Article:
The future stands still, dear Mr. Kappus, but we move in infinite space. - Ranier Maria Rilke, Letters to a Young Poet

Thursday, August 28, 2008

Letter 23

Dear Josephine,

This is the longest correspondence I've ever maintained. In honor of this, I have decided to write you a letter markedly less vague.

I've decided that I need to buckle down and plan my future rather than coasting through these twenties focused solely on work/apartment/family life. There is more to living than categories. I've started studying for the GREs; this is the most self-motivated/determined I've been since writing my thesis. I'm terrified of not meeting my goals. Does everything comes down to numbers?

And too, I'm terrified of the act of erasure. Tell me Josephine, did you ever learn to make construction paper (wo)men who clasp hands, who create a half-wreath of communal love/friendship? Sometimes I imagine that the violence of scissors disconnecting body from body parallels the act of removing a person from one's life. Yes, the paper congregation murmurs, thank you for our moments of joy and giving, we will retain this scar, this reminder of your absence.

The other day I thought about my father. You are right; this is a topic I conceal through silence. Two weeks ago I made a half-hearted attempt at reconciliation, because I'm not wading in lukewarm water anymore, because I'm tired of battered conversations and unnecessary resentment. I believe in forgiveness -- grudges are stunted trees that darken landscapes. Still: I haven't returned his phone call, don't know what we'll say to one another through the lines.

I've been craving reading and writing literary theory again. You only have to look at my shopping cart to see:

1. Proust and the Squid: The Story and Science of the Reading Brain - Maryanne Wolf
2. Mating in Captivity: Unlocking Erotic Intelligence - Esther Perel
3. Disturbing the Universe: Power and Repression in Adolescent Literature - Roberta S. Trites
4. On Kissing, Tickling, and Being Bored: Psychoanalytic Essays on the Unexamined Life - Adam Phillips
5. Gender Trouble: Feminism and the Subversion of Identity (Routledge Classics) - Judith Butler
6. Sexing the Body: Gender Politics and the Construction of Sexuality - Anne Fausto-Sterling
7. Constructing the Black Masculine: Identity and Ideality in African American Men's Literature and Culture, 1775-1995 (A John Hope Franklin Center Book) - Maurice O. Wallace
8. Orientalism - Edward W. Said
9. All About Love: New Visions - bell hooks
10. Blues, Ideology, and Afro-American Literature: A Vernacular Theory - Houston A. Baker Jr.


This past weekend I re-read papers I wrote in college. One paper was 27 pages discussing the cloaking power of the linguistic modifier "I" in relation to the creationary "self". I miss academia.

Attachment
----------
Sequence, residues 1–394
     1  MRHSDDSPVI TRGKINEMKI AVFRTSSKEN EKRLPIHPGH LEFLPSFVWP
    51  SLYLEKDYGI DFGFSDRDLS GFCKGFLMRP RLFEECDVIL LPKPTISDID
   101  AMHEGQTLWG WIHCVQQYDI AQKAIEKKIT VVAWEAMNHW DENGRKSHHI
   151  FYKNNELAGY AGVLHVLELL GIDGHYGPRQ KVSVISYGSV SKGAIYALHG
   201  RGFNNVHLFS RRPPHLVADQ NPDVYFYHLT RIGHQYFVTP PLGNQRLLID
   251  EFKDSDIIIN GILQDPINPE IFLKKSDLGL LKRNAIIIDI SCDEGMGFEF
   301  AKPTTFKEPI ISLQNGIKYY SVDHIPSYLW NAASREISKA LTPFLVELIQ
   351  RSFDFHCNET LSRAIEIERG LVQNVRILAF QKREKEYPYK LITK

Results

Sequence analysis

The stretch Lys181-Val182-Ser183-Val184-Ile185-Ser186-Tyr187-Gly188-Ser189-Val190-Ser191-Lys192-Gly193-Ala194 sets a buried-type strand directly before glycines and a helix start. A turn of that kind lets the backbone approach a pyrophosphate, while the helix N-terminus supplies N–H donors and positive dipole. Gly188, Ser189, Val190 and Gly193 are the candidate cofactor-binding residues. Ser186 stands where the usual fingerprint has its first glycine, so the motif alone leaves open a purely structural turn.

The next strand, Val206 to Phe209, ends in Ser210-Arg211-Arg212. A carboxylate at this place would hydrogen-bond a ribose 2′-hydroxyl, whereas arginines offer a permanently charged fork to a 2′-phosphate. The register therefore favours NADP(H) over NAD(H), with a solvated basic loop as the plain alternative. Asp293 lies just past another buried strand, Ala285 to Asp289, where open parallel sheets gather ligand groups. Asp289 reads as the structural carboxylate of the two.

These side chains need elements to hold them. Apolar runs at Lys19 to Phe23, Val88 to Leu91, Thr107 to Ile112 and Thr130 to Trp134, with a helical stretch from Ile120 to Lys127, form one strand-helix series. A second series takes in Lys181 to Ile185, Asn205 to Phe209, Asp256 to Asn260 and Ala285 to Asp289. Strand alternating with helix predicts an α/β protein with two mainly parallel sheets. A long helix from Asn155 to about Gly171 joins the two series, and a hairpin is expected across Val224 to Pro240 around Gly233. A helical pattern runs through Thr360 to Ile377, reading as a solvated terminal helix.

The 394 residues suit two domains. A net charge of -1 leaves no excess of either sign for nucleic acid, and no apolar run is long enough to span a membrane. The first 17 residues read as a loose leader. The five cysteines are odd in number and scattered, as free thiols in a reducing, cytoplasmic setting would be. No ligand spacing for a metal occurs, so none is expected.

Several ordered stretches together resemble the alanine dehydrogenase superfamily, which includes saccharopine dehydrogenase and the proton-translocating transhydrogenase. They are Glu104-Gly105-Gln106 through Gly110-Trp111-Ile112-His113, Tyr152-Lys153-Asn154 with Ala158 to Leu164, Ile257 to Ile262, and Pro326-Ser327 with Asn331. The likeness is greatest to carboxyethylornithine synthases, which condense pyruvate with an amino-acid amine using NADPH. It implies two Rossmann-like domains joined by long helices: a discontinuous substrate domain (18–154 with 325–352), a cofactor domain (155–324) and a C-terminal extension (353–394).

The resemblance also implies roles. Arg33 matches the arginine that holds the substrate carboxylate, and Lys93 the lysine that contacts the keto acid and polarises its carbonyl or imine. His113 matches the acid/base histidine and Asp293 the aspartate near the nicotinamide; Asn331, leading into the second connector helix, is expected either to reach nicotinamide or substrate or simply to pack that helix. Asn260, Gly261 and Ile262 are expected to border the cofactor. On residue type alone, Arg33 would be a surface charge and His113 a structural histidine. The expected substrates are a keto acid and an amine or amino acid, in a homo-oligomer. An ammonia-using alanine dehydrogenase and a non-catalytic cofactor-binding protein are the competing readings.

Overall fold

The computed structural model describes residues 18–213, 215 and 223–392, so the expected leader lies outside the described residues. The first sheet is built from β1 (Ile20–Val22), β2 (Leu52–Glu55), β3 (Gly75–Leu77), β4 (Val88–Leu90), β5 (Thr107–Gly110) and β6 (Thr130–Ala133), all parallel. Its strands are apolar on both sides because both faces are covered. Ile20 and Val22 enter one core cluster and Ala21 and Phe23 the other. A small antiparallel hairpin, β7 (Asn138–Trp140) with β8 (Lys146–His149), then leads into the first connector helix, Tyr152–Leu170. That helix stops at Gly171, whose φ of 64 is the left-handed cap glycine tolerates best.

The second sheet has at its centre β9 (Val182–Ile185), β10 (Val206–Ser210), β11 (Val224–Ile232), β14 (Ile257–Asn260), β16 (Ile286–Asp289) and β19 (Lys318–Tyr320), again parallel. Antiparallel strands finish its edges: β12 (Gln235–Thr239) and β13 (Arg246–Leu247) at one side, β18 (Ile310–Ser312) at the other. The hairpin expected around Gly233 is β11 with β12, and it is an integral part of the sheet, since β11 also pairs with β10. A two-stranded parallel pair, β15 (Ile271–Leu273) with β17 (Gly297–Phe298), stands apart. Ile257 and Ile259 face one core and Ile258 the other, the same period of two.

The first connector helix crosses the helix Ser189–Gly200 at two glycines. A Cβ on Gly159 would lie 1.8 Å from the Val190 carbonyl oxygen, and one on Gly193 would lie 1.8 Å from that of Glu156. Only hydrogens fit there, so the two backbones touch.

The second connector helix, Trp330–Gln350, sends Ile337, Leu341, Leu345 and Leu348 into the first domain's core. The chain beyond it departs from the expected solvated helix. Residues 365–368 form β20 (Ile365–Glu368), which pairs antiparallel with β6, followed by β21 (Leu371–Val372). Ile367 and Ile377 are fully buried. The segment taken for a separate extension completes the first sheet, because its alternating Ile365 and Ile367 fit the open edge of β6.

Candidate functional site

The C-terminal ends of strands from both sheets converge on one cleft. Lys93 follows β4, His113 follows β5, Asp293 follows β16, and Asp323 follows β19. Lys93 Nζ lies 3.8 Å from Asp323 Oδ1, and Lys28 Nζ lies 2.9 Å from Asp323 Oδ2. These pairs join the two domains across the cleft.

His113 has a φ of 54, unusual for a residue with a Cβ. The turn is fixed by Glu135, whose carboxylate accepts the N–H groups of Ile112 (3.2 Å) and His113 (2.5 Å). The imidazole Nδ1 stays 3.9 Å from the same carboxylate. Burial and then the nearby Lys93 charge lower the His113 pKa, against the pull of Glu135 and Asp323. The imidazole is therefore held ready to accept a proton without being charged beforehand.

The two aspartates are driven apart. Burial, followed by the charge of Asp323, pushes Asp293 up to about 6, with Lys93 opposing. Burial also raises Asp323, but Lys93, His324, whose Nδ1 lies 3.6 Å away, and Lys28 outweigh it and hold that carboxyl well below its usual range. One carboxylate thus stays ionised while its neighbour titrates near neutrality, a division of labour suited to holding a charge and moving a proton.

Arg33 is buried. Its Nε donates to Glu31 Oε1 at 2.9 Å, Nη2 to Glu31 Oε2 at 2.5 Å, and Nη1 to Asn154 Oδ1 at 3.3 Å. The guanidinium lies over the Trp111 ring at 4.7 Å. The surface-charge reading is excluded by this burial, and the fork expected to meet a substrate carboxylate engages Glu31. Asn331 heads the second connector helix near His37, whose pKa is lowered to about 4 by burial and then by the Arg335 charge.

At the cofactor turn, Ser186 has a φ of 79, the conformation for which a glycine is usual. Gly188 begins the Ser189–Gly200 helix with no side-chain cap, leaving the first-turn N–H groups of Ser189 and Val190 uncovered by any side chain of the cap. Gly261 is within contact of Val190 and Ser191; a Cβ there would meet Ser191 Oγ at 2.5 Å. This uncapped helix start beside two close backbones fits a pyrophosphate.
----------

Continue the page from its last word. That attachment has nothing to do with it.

What else to tell you? This past year I meandered through cities (some real, some imaginary), practiced introspection, and felt trampled/muffled/rumpled. But now, the word is only: refreshing, refreshed, refreshment.


Monday, August 25, 2008

Letter 22

Dear Josephine,

It appears Neko Case has peered into my soul. Walking to work, her lyrics flash through my mind: "Thought I was young, now I've freezing hands and bloodless viens, as numb as I've become, I'm so tired."

The above quotation, coupled with the first stanza of Stephen Dunn's poem "A Chance for the Soul" accurately reflects how I've been feeling:

"Am I leading the life that my soul,
Mortal or not, wants me to lead is a question
That seems at least as meaningful as the question
Am I leading the life I want to live
Given the vagueness of the pronoun "I,"
The number of things it wants at any moment."

I've been trying to define my lack of motivation, coming up only with the words "disheartened" and "disillusioned", which serve a dramatic purpose but do not apply to the cloud that seems to have positioned itself in front of my body. Look, mother, an automaton. Look mother, albaster and mutilated statues.

Now, thanks to Neko Case and S. Dunn, I've managed to explain this fever as a blinding numbness I'm both striving to analyze and reveal. There is no concealing this unhappiness, the door began to crack upon entering, splinters wait for bare heels. No, do not fetch more wood, I have no need for pilings. No, do not mend this door with spackle and sweat, the scars are there for the seeing.

Only: decide what one is doing. Life is always a staying and a going.


p.s. Sometimes I pray for tears.

Tuesday, August 12, 2008

Letter 21

Dear Josephine,

In that age-old phrase about bridges, I find that I've always focused on the latter clause about burning, and disregarded the former clause about crossing. Additionally, when I have approached the saying from both angles, I've applied the "crossing" to my "public" life (which I'm defining as job, school, apartment; basically the components that present myself to others) and the "burning" to my "private" life (which I'm defining as my personal thoughts, my relationships with others, etc. - the components that take longer to reveal). I realize my qualification of this statement renders supposedly different spheres of my life as contingent on two opposing actions: moving forward, and moving away. How, then, is it that my personal life tends to take leaps, and my private life tends to retreat?

Even while I pose this question, I do not find it surprising. I find safety in independence, on living for myself rather than living for myself and another. I wonder, though, if I'm losing something in maintaining that type of freedom. Funny, I've always embraced tennis as my favorite sport to watch. I wonder if it's because on that court love means zero, means having nothing, means making one's way from the bottom to a concrete "match point" -- as if "love" never meant anything other than trying to obtain a point for one's self, or for the sake of the game.